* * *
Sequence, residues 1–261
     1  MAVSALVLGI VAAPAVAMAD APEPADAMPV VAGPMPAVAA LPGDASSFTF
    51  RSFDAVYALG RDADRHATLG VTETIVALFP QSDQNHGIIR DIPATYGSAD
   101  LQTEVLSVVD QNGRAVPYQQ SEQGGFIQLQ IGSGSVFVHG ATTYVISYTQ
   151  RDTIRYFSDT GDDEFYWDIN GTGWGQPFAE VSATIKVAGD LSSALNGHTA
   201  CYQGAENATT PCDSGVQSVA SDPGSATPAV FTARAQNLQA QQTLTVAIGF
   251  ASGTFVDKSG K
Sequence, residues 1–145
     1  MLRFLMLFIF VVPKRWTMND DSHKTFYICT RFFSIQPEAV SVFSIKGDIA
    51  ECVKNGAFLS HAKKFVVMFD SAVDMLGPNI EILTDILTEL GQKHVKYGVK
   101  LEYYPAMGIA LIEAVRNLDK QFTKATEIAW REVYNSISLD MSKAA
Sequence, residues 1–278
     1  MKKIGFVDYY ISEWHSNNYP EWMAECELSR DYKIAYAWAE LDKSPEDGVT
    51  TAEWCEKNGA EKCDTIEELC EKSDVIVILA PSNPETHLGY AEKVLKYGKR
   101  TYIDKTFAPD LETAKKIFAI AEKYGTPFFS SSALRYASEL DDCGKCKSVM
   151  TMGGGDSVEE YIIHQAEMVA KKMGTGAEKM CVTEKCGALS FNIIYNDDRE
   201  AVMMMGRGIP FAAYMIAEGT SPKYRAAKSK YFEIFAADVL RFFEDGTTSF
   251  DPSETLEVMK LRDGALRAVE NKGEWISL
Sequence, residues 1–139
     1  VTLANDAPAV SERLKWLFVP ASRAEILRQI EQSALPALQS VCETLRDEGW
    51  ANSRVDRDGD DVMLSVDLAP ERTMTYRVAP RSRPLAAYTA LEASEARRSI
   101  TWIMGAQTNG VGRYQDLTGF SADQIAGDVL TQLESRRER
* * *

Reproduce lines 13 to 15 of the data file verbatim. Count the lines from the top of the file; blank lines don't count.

     1  MKKIGFVDYY ISEWHSNNYP EWMAECELSR DYKIAYAWAE LDKSPEDGVT
    51  TAEWCEKNGA EKCDTIEELC EKSDVIVILA PSNPETHLGY AEKVLKYGKR
   101  TYIDKTFAPD LETAKKIFAI AEKYGTPFFS SSALRYASEL DDCGKCKSVM